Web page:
YouTubers in North Korea

I want to write about this.  But I also know it’s very controversial, and what I really want is to give another perspective to counteract the vehement criticisms lodged against Louis Cole and Lane Terzieff for their time spent and video content produced in North Korea.

For a little background information in case you’re completely new to this controversy. Louis Cole (FunforLouis), a popular travel vlogger on YouTube, and Lane Terzieff (Lancifer), a singer/songwriter and humanitarian, traveled to North Korea in July 2016.  It was a state-sponsored trip and they vlogged about their experiences as well as created a music video titled “Surfin’ in the DPRK” which they claimed was the first music video from North Korea.  They’ve received some pretty heavy criticism including claims that they were creating North Korean propaganda and that Louis (as the better known YouTuber) is naive in his positive outlook in the video.

What I’d like to suggest though is that you look at this situation not as a political analyst or an angry opinionated social media vouyer, but as a YouTube content creator.

There are different content cultures on YouTube.  There is “Comedy-for-Comedy’s Sake” content  where the videos can be inane and vapid but have a mass appeal to young audiences.  There is “Glass Half Empty” content which incorporates ranters and skeptics and the social justice crowd.  Generally people who tap into the anger and feelings of injustice we have and use the Internet as a place to air out grievances, make fun of or argue with people they disagree with, and find support in their frustrations.  And then there is the “Glass Half Full” content.  I’m a bit biased here because I consider my content to fall into this group most of the time, but I think this positive-focused content while not as popular as “Comedy-for-Comedy’s Sake” or “Glass Half Empty” is actually the most important content online right now.  The world feels like a dark and scary and unhappy place right now, and people go to the internet to escape it.  With “Glass Half Empty” you just end up wallowing in it, and “Comedy-for-Comedy’s Sake” ignores it completely.  But “Glass Half Full” content addresses the issues we’re struggling with or worrying about and talks about it.  It tries to find the positive outlook amid all this negative hubris.

So when Louis Cole and Lane Terzieff went to North Korea, I don’t think they were making propaganda or too naive to realize their positive tone of the video showing the “fun” things they were doing like visiting a waterpark or teaching kids to surf and skateboard seemed inappropriate.  Positivity content creators are not stupid people.  They know the realities of the world and want to do something to change it, but the only means they really have is through their attitude and their online content.  It may not seem like much, but media has always been an incredibly powerful tool of influence.  And online content is no different even if you still don’t feel like it’s mainstream.  So I want to suggest that you look at what they did and what they created from it not as purposeful ignorance of the horrific reality that exists in North Korea. (Of course, they couldn’t show that. Not if they wanted to leave the country alive to tell any kind of story.) But instead look at the subtle context within the video.  Their incredulity of Miss Kim not knowing who Justin Bieber is. The housekeeper who they thanked with flowers and was overwhelmed because no one had ever done something like that before. The children who when offered free skateboards wouldn’t take them.  The roughly corralled children yanked away from the American group as they practiced skateboarding.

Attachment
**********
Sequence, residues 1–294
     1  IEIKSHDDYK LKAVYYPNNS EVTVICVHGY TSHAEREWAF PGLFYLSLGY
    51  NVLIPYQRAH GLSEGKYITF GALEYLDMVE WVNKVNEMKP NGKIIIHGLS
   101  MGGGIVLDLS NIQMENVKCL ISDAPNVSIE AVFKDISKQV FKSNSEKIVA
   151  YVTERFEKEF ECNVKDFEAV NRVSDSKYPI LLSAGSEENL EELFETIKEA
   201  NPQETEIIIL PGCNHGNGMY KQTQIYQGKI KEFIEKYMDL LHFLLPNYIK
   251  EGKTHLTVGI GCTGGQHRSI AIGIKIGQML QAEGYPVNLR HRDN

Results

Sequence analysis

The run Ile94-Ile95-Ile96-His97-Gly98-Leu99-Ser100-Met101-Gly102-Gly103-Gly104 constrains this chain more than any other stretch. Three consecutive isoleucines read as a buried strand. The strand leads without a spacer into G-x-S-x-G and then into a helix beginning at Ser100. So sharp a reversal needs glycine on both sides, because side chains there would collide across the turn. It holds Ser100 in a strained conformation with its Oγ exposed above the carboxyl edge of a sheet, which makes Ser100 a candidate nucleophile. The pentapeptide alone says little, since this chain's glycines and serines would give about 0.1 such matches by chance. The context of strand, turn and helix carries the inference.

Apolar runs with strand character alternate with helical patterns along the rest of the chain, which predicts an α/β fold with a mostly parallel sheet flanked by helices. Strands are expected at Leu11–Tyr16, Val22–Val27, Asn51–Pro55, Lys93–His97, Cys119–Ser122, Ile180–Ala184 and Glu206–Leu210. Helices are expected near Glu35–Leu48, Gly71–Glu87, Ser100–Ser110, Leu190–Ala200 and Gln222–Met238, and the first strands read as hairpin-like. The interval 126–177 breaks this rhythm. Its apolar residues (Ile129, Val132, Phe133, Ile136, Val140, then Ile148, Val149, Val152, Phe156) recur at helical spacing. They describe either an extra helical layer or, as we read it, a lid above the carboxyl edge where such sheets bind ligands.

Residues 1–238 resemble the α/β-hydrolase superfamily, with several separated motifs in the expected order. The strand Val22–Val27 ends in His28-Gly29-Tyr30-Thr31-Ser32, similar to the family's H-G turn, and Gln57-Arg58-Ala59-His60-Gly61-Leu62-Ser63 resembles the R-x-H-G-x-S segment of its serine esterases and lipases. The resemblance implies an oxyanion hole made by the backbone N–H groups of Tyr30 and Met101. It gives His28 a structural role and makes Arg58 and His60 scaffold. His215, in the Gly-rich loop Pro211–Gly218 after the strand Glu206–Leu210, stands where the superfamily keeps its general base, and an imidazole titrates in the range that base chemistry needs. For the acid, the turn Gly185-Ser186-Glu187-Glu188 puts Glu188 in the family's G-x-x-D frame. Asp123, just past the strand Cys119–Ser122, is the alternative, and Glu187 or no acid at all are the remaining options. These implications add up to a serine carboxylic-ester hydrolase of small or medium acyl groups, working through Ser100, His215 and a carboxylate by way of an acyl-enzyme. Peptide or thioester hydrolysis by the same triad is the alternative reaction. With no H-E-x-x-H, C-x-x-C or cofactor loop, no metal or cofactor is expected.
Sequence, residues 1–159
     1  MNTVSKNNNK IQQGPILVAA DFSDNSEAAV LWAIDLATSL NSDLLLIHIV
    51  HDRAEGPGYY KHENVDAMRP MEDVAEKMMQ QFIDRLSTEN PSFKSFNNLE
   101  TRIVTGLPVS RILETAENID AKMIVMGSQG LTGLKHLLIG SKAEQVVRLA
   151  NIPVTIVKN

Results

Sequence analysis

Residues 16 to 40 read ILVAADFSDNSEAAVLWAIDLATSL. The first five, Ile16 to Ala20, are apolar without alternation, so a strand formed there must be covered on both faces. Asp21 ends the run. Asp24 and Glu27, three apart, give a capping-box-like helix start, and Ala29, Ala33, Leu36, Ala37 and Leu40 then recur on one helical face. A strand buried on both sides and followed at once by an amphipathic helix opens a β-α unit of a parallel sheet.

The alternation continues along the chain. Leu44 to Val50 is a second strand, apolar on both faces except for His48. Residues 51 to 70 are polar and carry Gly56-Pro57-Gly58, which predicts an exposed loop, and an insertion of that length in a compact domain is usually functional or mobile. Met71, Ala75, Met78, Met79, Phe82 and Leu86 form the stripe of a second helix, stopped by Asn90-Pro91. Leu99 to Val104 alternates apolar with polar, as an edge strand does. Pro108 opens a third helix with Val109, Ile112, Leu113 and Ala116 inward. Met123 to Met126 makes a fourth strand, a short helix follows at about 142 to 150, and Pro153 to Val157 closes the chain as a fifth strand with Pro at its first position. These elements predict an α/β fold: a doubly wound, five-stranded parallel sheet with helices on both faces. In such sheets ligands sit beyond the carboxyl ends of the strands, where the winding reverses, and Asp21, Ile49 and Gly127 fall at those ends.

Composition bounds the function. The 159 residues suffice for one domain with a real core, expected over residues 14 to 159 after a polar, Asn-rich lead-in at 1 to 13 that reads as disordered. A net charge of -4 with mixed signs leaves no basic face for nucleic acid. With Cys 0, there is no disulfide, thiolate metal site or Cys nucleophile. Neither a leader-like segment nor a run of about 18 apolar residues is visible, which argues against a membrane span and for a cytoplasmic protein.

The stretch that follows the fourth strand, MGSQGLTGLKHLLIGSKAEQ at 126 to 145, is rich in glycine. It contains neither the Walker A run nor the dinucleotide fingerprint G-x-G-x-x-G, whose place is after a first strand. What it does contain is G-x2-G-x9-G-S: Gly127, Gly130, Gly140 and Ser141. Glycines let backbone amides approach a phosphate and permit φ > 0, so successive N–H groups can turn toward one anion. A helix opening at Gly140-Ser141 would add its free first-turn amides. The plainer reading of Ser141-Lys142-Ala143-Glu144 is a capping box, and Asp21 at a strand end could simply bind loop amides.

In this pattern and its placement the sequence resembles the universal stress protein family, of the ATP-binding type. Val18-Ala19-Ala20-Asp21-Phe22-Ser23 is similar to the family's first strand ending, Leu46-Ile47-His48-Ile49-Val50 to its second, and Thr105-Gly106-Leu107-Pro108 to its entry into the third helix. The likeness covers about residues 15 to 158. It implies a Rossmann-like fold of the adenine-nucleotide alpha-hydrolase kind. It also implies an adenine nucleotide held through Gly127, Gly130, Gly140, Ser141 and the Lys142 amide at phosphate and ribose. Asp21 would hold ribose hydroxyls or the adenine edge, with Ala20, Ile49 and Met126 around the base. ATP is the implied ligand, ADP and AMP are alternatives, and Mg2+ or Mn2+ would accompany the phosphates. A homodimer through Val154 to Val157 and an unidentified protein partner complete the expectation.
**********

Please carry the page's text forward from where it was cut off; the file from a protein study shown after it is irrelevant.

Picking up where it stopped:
Their talk of loving on people and connecting with the people (that they were allowed to interact with) is not naivety, but a calculated outlook on life and a chosen presentation for their niche within YouTube.  They are not investigative political journalists.  That should not be required of them just because they were allowed to enter a mysterious and sinister country with video gear.  They are a part of a smaller culture in media that wishes to pull out the positive while subtly acknowledging the negative (for you can’t have an authentically positive message without showing the negative place in which this reaction stems).  Perhaps it’s a generational reaction to the negativity of the mainstream media.  Or young people just want to try a different approach to understanding the world around them (is it really going to pot or are we just more aware of the awful things that happen now?)  Whatever it is, I’m a fan of positive content even if it feels controversial for it’s lack of negativity.  I feel like you can still find a positive outlook on a negative situation without diminishing the severity of it.  Louis and Lane may not have accomplished it perfectly, but I think they did well with what they had available to them, the restriction placed on them for safety reasons, and for their YouTube audiences.

Videos referenced in this blog: 

Surfin’ in the DPRK Music Video on FunForLouis’ channel



Lancifer & Louis Cole in North Korea 2016 // VLOG


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